LF plays an antifibrotic role in human kidney tubular cells. LF can prevent TGF-β1-induced kidney fibrosis in HK-2 cells. LF downregulates the expression of TGF-β1 target genes, i.e., PAI-1, CTGF and collagen-1 [23]. Thus, LF may show kidney protective effects against the folic acid-induced AKI to CKD transition in a mouse model [23]. Treatment with LF restored kidney function and prevented kidney fibrosis by inhibiting apoptosis and augmenting autophagy [23].

Autophagy dysfunction

Autophagy is an intracellular system that degrades and recycles cytoplasmic components [89] and long-lived proteins within the lysosome [90]. Apart from being a cell death apparatus, it plays a significant role in the homeostasis of cells, tissues, and organisms [91]. Excessive autophagy induction or blockade of autophagy flux causes autophagy dysfunction [92]. It can be associated with various diseases like cancer development and progression [93], Crohn's disease [94], neurodegenerative diseases like Parkinson's disease [95], and Alzheimer's disease [96]. Autophagy protects the kidney from AKI by inhibiting proximal tubule degradation, acute ischemic injury [97], and cisplatin-induced nephrotoxicity [98]. Autophagy dysfunction is associated with diabetic nephropathy [99] and chronic kidney disease [100,101]. In podocytes, it is involved in age-related chronic kidney disease [102].

In H2O2 treated HK-2 cells and folic acid-injected mice, LF inhibited kidney disease by augmenting autophagy. LF induces autophagy by activating AMPK and inhibiting the Akt/mTOR pathway [23]. It can increase autophagy via AMPK activation through the LRP-1 receptor [103]. LF also can induce neighbor of Brca1-mediated autophagy [104].

Mitochondrial dysfunction

Mitochondria are the powerhouses of cells that generate energy as an adenosine triphosphate molecule [105]. Mitochondrial dysfunction is the failure of mitochondria to perform appropriately and is characterized by electron transport chain deficiency and reduced high-energy molecule synthesis [106]. It is associated with a broad range of diseases such as type-2 diabetes [107], insulin resistance [108], atherosclerosis [109], neurodegenerative diseases [110], cardiovascular disease [111], cancer [112], and liver disease [113]. Mitochondrial dysfunction is the leading cause of AKI and CKD. Impairment of mitochondria can cause excessive ROS and reactive nitrogen species production, leading to oxidative stress of the kidney [114]. Disturbance of mitochondrial homeostasis in the kidney leads to inflammation [115], fibrosis, and kidney injury [116]. Mitochondrial dysfunction is also associated with the AKI-to-CKD transition [117], diabetic kidney disease [118], glomerulosclerosis and progressive kidney failure [119], and inherited kidney disease [120].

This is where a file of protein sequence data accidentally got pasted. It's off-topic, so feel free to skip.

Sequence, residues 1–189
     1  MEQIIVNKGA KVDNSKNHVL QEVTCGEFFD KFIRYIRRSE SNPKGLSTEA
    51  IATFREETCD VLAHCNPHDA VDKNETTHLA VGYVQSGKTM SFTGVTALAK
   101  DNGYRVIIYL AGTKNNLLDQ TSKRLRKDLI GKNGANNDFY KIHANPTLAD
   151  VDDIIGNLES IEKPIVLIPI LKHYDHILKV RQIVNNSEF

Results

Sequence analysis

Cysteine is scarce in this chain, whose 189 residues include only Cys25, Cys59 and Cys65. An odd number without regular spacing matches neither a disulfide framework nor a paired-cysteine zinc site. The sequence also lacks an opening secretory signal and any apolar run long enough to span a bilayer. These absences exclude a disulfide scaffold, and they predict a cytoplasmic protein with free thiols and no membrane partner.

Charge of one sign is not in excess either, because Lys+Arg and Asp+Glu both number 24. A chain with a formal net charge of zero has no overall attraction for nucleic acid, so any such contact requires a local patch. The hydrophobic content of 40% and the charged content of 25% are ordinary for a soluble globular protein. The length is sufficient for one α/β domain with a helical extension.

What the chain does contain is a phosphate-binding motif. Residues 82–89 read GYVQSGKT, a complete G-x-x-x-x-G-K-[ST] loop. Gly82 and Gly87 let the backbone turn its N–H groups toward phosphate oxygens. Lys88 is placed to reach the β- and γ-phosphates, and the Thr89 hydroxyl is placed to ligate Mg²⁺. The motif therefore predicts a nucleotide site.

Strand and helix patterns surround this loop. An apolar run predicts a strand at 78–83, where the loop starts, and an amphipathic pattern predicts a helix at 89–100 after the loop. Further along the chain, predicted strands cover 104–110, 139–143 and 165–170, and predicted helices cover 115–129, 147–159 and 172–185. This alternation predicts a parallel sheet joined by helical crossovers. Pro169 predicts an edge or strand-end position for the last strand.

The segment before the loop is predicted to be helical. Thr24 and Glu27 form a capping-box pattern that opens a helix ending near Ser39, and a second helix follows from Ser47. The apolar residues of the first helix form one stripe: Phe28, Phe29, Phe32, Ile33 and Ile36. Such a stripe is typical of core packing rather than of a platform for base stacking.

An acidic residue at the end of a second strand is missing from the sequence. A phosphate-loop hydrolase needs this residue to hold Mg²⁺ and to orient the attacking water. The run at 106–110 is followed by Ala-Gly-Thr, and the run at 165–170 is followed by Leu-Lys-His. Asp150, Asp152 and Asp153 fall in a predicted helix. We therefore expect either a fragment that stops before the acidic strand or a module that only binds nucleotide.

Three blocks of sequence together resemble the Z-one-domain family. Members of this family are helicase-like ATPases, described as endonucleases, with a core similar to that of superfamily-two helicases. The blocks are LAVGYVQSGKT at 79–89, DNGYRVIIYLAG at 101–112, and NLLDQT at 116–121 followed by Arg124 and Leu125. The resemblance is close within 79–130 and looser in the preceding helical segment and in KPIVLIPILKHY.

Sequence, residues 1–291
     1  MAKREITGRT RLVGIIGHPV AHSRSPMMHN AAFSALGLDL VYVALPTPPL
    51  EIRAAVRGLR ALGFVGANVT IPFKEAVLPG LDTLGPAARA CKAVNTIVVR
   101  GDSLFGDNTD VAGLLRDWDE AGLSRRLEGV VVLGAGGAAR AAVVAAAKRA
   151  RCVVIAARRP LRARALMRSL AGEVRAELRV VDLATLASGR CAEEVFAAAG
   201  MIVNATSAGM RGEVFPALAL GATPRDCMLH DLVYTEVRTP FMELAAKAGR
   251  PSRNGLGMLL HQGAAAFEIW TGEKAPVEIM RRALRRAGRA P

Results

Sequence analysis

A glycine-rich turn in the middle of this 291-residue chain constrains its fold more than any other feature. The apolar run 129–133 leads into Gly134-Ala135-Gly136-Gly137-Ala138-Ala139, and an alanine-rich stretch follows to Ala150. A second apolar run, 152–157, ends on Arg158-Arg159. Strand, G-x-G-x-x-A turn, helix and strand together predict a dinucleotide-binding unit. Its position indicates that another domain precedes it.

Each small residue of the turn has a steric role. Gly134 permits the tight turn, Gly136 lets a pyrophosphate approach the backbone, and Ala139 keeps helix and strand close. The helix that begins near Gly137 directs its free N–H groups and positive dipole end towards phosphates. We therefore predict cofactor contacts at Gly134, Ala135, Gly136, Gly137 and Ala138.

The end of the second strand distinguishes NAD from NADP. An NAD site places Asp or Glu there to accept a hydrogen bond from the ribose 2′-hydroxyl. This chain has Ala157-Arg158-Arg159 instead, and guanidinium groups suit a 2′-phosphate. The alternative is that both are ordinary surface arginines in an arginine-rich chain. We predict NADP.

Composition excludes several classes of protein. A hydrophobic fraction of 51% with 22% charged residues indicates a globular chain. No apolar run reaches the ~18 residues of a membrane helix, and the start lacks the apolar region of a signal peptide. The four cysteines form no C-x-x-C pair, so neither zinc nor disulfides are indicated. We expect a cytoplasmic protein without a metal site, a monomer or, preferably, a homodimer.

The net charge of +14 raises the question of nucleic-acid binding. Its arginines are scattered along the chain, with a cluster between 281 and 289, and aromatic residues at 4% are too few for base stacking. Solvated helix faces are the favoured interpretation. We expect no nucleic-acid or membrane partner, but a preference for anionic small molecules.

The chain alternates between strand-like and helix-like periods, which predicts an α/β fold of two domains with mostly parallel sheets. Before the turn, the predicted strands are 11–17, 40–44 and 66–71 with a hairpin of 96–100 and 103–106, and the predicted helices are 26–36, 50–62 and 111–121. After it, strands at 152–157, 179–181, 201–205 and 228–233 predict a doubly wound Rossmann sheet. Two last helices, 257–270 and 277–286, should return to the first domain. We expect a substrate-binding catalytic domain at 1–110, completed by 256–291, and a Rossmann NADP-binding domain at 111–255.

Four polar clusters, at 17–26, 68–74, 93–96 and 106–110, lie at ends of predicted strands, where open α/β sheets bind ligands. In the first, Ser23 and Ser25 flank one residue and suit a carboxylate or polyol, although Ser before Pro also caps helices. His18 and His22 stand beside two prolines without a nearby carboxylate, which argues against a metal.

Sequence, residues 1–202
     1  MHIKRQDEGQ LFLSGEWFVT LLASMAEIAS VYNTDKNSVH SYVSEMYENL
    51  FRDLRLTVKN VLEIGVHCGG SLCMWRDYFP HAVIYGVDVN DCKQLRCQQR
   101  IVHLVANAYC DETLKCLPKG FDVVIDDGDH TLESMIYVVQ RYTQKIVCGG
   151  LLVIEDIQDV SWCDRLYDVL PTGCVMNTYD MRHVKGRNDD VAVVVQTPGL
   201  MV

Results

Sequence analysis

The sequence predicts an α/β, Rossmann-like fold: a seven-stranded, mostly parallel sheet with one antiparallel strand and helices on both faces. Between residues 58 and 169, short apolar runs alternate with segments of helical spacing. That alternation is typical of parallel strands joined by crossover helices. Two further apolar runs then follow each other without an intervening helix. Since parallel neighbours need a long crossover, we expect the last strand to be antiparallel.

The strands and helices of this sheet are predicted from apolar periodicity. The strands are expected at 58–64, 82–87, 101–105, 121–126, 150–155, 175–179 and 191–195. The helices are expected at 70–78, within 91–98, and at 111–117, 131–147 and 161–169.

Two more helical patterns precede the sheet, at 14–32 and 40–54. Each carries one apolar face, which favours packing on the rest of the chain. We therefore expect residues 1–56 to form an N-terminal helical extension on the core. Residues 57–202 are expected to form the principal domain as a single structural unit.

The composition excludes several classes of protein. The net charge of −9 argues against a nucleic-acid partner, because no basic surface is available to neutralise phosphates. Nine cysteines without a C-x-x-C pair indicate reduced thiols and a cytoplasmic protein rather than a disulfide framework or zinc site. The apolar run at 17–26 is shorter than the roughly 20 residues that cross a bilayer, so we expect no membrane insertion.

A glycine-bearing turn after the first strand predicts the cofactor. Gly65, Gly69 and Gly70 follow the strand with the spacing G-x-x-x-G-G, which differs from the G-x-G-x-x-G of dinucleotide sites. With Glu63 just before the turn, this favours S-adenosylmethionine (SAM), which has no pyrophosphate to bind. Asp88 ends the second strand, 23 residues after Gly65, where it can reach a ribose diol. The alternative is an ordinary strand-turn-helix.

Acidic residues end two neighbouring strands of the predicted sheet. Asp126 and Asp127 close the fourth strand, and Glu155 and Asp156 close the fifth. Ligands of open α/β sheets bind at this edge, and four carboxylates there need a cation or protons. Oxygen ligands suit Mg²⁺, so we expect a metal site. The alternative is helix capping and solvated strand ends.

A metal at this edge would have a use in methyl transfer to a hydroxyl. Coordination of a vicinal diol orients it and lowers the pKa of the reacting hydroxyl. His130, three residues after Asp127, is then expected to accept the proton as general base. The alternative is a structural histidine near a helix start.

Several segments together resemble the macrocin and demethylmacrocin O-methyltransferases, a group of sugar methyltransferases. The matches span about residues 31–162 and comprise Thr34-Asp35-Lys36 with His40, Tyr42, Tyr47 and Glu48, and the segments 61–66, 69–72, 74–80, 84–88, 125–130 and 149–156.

LF might prevent mitochondrial dysfunction in the kidney by reducing ROS production in mice [19]. LF decreased lipopolysaccharide-induced mitochondrial dysfunction and protected against oxidative stress in cultured cells in an endotoxemia model [96]. It also prevented mitochondrial dysfunction by decreasing ROS generation in neuronal cells [121].

ER stress

The endoplasmic reticulum is the site where membrane and secretory proteins are synthesized and folded [122]. Proteins are also modified and delivered to their destination from here. In mammalian cells, sterols and lipids are synthesized in the ER [123]. As it is essential for many cellular functions [124], any disturbance of its functions can cause an imbalance in protein folding and secretory capability that causes the accumulation of unfolded proteins in the lumen, causing ER stress [123]. This condition activates the unfolded protein response, which is related to many inflammatory and stress signaling pathways [124]. If ER stress becomes severe, it can even cause cell death [125-127]. There is clear evidence of a link between ER stress and kidney disease. It promotes the development of AKI and CKD. ER stress is also involved in ischemia, ischemia-reperfusion, and acute nephrotoxicity associated with AKI [128]. It can cause glomerular and tubular damage in patients with AKI and CKD [129].